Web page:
Getting professional help

Many young people struggle with their mental health in isolation, despite good routines and family support.Professional support can help your teen find a solution, or a combination of things, that suits them. Some options are:

  • Online and phone support (such as Kids Helpline, e-headspace and Youth Beyond Blue).

  • Psychological therapy – a psychologist will work with your teen over several sessions to manage their mental health symptoms.

  • Medication – this can be prescribed by a medical professional, such as a GP or psychiatrist.

Encourage your teen to see a GP they trust, or who has an interest in mental health, to discuss their difficulties and figure out the next step, which may include referral to a psychologist or psychiatrist.

Many health-care professionals are currently offering Telehealth consultations (over the phone or by video). So, even if your teen is staying home, they can receive the help they need.

How to help your teen access Telehealth

  • Encourage or help them to book an appointment with a GP or a psychologist offering Telehealth, or book an appointment yourself for younger teens. Offer to sit in on the appointment, but respect their choices.

  • Help them to set reminders for sessions.

  • Ensure that they have a quiet, private space in the house, where they won’t be overheard or interrupted during their session.

  • Be available to talk with your teen about any concerns they may have following the session.

  • Respect their need for privacy and accept that they may not wish to discuss the session content.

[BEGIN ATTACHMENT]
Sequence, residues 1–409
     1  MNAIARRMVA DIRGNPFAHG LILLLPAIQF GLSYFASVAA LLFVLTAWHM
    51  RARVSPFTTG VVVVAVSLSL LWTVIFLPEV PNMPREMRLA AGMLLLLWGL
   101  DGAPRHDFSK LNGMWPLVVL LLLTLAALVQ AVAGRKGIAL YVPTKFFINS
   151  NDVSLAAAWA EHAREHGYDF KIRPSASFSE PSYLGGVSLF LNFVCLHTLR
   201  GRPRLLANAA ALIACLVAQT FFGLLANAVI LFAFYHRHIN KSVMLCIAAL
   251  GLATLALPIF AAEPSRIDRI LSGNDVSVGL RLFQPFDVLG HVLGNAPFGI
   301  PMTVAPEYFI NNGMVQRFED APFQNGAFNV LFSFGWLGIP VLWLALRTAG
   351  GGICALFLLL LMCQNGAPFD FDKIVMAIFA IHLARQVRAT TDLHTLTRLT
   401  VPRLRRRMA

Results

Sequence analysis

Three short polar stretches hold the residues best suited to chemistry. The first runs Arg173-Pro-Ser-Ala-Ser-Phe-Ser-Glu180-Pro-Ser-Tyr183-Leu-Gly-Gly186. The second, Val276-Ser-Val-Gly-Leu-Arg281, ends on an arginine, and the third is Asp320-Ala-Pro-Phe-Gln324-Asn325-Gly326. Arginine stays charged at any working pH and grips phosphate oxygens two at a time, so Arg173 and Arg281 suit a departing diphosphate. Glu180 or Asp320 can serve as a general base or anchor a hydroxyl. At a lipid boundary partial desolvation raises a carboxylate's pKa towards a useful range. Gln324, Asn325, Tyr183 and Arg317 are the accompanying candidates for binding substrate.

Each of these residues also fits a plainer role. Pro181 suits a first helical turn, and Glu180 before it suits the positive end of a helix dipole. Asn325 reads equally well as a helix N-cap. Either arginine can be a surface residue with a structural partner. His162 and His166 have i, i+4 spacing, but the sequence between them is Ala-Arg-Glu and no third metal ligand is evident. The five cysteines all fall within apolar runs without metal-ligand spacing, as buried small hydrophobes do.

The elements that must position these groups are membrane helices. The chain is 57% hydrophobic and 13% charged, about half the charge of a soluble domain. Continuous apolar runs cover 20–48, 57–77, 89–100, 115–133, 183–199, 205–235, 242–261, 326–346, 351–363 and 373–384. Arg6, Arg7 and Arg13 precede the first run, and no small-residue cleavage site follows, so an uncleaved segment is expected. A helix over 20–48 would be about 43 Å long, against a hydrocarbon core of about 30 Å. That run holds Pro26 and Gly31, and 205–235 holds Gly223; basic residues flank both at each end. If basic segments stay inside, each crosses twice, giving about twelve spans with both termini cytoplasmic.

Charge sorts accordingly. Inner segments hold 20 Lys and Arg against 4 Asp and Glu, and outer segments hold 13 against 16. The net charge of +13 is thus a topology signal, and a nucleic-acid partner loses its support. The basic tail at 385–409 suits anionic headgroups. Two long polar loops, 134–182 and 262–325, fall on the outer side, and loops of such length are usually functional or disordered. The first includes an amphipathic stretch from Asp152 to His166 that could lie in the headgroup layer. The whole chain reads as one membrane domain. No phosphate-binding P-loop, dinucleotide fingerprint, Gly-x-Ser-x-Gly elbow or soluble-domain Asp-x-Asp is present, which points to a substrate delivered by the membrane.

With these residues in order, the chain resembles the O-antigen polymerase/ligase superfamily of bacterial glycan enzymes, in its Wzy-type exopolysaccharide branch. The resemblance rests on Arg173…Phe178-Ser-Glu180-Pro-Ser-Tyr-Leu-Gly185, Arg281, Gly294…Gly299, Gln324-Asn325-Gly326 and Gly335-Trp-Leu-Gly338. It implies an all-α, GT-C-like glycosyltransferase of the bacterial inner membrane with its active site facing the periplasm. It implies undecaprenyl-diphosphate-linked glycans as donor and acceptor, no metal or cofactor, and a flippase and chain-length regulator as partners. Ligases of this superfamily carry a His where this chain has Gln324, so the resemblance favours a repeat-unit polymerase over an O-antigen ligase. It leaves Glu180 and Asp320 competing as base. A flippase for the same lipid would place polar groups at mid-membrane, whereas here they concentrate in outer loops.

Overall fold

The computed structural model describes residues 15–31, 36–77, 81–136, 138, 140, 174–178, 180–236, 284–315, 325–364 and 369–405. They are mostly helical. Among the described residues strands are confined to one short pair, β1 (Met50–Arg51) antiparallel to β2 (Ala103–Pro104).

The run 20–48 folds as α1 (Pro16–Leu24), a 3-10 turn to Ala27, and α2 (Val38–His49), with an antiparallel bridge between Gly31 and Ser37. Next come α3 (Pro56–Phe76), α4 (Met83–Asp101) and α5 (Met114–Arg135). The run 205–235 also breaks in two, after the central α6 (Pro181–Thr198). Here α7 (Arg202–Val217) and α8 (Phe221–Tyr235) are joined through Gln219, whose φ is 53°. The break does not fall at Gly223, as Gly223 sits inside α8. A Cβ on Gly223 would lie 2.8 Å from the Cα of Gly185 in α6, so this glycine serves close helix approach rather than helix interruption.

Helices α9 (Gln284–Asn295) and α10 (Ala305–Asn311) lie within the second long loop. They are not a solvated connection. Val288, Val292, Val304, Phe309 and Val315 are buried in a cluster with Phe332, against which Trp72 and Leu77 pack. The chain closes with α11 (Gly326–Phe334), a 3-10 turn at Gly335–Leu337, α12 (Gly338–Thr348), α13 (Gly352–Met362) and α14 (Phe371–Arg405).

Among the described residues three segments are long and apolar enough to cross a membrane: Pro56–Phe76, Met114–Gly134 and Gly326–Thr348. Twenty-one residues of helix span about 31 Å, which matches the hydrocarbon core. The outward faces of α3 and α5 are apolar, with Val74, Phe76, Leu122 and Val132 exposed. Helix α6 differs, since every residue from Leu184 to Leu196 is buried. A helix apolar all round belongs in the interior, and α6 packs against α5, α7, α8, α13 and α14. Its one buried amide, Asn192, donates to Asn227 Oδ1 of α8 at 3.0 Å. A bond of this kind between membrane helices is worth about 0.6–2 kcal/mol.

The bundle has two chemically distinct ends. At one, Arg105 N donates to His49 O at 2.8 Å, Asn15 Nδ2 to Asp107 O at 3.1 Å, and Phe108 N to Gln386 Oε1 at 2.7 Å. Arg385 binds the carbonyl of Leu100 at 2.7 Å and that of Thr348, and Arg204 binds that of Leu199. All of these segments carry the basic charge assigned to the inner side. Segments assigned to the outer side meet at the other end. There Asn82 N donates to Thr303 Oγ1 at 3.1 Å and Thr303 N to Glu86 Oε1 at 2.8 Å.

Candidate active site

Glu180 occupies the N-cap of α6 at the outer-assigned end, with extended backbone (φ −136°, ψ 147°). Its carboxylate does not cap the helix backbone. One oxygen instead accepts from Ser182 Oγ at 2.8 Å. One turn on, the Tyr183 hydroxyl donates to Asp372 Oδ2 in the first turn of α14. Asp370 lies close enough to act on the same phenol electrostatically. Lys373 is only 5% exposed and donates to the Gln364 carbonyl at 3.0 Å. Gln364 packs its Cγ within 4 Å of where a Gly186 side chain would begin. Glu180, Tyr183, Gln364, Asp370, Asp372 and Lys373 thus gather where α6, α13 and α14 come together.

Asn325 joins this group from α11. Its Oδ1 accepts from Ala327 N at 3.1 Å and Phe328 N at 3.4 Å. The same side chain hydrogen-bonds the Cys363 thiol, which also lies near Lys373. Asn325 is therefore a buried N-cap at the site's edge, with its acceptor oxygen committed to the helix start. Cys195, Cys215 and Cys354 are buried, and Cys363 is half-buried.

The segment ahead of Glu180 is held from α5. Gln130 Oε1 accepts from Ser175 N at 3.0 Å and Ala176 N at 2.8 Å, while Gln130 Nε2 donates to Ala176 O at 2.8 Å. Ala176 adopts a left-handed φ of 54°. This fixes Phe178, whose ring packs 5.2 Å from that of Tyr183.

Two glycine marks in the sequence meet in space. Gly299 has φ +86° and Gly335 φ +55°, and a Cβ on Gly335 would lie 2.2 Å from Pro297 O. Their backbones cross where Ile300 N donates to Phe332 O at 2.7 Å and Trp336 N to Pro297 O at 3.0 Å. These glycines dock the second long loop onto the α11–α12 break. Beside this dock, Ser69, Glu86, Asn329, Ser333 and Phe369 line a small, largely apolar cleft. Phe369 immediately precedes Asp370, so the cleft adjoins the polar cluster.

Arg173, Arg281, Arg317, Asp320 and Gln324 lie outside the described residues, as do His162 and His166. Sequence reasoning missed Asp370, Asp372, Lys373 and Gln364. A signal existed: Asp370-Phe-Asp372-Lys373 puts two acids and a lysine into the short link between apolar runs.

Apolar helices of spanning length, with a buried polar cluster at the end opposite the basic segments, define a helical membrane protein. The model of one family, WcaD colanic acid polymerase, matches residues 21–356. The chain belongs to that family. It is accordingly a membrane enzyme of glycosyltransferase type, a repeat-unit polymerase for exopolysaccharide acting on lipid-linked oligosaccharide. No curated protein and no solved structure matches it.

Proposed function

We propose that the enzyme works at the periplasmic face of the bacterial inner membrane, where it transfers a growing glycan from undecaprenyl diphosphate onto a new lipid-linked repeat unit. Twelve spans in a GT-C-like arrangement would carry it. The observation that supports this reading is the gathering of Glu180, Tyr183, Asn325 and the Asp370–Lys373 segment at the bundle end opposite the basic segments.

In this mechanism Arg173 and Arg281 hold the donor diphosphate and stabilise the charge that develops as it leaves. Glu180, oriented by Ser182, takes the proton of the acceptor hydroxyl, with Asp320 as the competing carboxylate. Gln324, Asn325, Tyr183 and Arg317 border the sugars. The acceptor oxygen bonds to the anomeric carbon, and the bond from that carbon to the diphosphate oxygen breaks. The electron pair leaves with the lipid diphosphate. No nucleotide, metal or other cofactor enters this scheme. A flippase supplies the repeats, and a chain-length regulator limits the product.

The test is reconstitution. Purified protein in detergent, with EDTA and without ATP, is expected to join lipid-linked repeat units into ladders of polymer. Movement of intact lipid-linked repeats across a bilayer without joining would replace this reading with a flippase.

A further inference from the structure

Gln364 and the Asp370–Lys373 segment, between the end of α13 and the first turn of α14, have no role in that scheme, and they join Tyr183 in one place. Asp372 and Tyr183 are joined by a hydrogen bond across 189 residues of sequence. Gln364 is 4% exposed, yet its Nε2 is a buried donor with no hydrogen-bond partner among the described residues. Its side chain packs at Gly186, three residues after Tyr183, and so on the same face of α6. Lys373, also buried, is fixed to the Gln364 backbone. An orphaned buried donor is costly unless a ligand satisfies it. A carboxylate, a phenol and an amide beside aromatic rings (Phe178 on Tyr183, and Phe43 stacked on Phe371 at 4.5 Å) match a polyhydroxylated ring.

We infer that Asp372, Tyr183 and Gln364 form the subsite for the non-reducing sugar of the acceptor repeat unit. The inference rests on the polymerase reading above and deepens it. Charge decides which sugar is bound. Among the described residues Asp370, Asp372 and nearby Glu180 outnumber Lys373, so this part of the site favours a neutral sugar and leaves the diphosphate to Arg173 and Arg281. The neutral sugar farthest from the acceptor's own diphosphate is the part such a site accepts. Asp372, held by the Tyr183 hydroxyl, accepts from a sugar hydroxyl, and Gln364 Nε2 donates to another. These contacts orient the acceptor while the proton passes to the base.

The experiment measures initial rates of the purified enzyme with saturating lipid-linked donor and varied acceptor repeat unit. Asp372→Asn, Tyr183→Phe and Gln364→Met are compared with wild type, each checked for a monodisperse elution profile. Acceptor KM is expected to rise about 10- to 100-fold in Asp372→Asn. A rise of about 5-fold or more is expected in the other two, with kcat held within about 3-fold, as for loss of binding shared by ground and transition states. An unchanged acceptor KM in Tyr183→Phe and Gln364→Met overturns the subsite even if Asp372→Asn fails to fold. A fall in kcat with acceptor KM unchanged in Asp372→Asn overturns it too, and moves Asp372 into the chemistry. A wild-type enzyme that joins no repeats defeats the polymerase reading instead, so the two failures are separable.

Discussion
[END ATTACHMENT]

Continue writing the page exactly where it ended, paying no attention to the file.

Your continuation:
What if your teen doesn't want help?

It’s really difficult to see your teen struggle with their mental health, and even more so if they don’t seem to want your help. The following strategies can be useful in this situation:

  • Offer to help, but then try to be patient. It’s not helpful to push them to open up, and it may take them a while to think things through, especially if they are depressed.

  • Keep the lines of communication open. Make sure your teen knows that they can always chat to you, and that you’ll be calm and reasonable when they do.

  • Encourage them to keep up activities they enjoy, and to stay connected to people and things that make them feel good. You can do some of these activities together, such as some form of exercise.

  • Encourage your teen to talk to another trusted adult, such as another family member, a teacher or a coach, or talk to such an adult yourself about your concerns and ask them to check in with your teen.

  • Make sure your teen has a list of resources handy that they can use when they’re struggling, including useful websites, phone lines and services offering online chat or forums, such as the ReachOut Forums, BeyondBlue (1300 22 4636)and Kids Helpline (1800 55 1800).

  • Remember that this doesn't mean that you've done something wrong. Look after yourself, have a chat with an adult friend or see a GP if this is affecting you.

This article was written by Andreea Heriseanu, Psychologist.